(44:09): Every day for me is super exciting because every day is different. We've never built this same. It's not that we wouldn't, we just haven't. And it, it feels like every day I am exposed to people who want to do new and innovative things. and so, yes, it's exciting to be able to expand in our market in ways that we haven't previously. But I think one of the things that ex excites me most is we've decided who we are as a company. We've decided what we believe in, and we've decided the type of client that we want to build for. And we are in a position right now where we can really choose our projects. There's a lot of demand right now. We have a lot of people that come to us on a daily basis, and we simply don't have the capacity to build for everybody.
(45:06): And we wouldn't even necessarily want to, there's something freeing about knowing who you are, knowing the types of projects that you want to do and understanding that you can do those things that excite you the most and integrate, you know, building products that you think you never thought that you would use trying new techniques that you, you didn't think that you were ever going to use. We've done some really fun homes in the past. We've won the international smart home of the year award a few times and had a home on the cover of CPRO I think five times now. So we've done some fun and exciting things, but probably what excites me most is that the people that we are working with right now, we really wanted to work with them. And they really wanted to work with us, understanding that you're gonna have a good relationship with this client throughout the build.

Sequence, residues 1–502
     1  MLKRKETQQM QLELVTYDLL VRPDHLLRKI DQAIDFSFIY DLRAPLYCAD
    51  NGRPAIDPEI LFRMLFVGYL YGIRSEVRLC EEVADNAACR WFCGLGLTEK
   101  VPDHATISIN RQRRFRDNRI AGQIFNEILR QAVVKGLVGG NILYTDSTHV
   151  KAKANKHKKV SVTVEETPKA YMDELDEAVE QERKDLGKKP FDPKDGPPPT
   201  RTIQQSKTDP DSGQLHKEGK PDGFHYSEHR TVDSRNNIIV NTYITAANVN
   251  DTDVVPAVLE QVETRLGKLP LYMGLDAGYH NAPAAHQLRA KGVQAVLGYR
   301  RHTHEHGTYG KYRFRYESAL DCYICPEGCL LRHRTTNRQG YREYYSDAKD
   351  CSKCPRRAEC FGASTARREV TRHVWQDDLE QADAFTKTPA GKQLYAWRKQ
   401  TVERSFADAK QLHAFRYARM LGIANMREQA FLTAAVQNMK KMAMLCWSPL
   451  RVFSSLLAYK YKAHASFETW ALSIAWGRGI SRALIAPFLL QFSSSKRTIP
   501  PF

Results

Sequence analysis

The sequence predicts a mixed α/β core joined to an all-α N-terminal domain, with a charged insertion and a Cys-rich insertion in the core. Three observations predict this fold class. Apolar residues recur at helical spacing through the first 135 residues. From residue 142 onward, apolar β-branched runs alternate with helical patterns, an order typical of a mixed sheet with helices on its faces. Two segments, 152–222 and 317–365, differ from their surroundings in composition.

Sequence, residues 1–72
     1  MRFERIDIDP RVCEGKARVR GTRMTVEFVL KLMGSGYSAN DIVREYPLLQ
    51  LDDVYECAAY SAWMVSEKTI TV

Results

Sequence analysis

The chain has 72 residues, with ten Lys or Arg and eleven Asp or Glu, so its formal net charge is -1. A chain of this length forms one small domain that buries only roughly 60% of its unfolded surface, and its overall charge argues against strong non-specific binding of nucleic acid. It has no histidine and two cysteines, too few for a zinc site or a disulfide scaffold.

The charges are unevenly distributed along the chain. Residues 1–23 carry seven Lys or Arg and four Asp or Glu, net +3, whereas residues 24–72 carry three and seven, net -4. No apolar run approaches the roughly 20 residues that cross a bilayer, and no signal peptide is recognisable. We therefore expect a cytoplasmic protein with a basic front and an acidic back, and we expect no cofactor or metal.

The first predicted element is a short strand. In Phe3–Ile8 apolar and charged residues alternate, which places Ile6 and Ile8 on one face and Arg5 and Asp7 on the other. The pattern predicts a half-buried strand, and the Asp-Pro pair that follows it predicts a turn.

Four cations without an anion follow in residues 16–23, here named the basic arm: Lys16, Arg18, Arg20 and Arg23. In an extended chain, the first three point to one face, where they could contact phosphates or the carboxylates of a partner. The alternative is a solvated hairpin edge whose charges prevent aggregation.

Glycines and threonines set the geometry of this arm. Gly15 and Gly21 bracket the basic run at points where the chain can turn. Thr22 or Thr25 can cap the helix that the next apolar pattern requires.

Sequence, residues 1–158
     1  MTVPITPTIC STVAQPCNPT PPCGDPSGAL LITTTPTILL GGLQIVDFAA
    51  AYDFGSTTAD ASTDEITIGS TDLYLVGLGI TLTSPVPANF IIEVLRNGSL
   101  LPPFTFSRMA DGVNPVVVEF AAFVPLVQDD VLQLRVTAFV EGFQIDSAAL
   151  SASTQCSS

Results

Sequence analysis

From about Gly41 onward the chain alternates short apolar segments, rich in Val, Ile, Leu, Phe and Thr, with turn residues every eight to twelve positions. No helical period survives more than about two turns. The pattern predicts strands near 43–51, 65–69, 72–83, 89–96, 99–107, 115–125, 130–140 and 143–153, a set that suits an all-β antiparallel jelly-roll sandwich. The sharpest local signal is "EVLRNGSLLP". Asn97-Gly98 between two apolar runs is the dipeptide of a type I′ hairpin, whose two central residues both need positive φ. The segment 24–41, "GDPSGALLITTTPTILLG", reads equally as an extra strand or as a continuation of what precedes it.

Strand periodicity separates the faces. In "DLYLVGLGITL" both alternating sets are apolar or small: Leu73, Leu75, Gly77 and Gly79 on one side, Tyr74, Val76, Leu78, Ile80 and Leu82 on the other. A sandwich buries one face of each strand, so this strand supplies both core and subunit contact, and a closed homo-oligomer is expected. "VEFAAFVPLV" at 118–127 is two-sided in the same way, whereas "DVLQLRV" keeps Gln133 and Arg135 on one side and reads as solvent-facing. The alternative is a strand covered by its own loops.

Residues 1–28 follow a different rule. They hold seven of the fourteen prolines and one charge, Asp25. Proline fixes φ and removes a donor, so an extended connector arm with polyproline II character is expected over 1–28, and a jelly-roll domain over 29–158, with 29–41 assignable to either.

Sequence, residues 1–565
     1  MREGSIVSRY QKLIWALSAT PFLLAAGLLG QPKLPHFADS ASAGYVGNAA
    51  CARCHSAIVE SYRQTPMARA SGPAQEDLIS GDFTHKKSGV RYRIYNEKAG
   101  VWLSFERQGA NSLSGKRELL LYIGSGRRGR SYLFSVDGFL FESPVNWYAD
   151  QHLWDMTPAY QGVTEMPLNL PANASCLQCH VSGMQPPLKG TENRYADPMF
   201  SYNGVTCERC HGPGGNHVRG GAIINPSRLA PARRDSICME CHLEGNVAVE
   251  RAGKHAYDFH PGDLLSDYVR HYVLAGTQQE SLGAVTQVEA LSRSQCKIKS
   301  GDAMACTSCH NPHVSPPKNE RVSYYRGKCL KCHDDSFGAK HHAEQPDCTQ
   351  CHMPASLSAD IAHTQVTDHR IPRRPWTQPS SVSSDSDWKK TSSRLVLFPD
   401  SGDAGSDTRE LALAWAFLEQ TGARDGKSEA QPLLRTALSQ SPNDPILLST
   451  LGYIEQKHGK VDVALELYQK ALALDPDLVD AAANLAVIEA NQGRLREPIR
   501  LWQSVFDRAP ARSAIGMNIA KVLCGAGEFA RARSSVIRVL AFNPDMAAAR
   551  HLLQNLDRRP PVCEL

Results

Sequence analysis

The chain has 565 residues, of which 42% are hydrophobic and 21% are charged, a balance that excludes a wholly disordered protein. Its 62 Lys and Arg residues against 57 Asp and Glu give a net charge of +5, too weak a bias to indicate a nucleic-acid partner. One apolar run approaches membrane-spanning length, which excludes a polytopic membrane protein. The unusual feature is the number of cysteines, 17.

(46:05): And they're still gonna be your friends a year from now or two years from now. We had some clients that we built for. They invited me to come over and eat pie and swim in their full of them. They're always asking me to come over partially because I make really good pie. I didn't mention up front that they did want me to bring the pie, but it's really fun. When you are able to have a relationship with your client where the living better started the first day of your project, and it has continued, you know, on, into the future. It hasn't stopped yet. And what excites me is being able to say that, that the living better starts here when we decide to work together on your project. That's exciting to me because we know that we're gonna provide a better environment for that, that family and perpetuity, you know, it just, it goes on and on. And so there's not an into it. So I guess, yeah, in terms of excitement, I, the excitement is that it's not gonna end Well, that that's pretty cool. And it it's clear that you're living better too, through the, these choices that you've made, the transition that you've been through, the business model, that you're using, all that the, the, I know that you've been involved in different sales mastermind groups, and you've put a lot of time energy focus into working on your skill and collaborating with other people who are using the same business model too, have these kinds of results. And that gives you the confidence that you can keep doing it for anybody who wants to see what some of these exciting things you're working on look like, or what's the best way for them to follow along on Instagram or, or see your work online.
(47:50): Probably Instagram is a LA salt lake. That's our Instagram handle. And you'll see all our current work on there. We also have a secondary in Instagram page called behind the builts. And that's where you see kind of the nitty gritty dirt work that we do. Jerem is pretty easy to Coke in front of a camera. And one of the things that's really fun about him is he's there to educate, and he'll teach you a lot about building along the way. So I I'd encourage people to follow us on those two channels. Well, it's a great team you guys have, have built out there. It's it's a lot of fun being around, being around all of you and look forward to continuing to collaborate it together. And thanks for your time here. This's been some great stuff. No problem. Thank you. Thanks for having me.